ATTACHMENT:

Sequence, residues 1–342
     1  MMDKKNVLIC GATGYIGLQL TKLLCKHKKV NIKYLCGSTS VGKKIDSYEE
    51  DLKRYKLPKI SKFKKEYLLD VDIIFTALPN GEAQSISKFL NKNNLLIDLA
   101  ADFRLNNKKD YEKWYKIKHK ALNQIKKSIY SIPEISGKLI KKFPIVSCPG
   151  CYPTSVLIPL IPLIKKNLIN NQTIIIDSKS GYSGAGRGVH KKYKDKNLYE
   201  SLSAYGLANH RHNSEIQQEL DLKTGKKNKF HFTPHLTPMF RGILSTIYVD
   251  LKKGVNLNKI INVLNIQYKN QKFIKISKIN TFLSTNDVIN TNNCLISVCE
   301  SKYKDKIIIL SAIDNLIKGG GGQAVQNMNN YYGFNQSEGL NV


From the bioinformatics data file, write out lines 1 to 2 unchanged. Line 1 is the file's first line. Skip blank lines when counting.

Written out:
Sequence, residues 1–342
     1  MMDKKNVLIC GATGYIGLQL TKLLCKHKKV NIKYLCGSTS VGKKIDSYEE